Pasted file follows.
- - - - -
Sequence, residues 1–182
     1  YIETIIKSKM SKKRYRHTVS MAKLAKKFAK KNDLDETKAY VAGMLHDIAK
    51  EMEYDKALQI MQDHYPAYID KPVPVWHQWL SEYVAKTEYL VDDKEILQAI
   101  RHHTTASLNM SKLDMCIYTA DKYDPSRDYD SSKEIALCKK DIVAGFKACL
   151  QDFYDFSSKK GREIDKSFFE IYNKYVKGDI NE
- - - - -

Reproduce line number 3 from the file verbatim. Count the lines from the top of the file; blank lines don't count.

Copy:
    51  EMEYDKALQI MQDHYPAYID KPVPVWHQWL SEYVAKTEYL VDDKEILQAI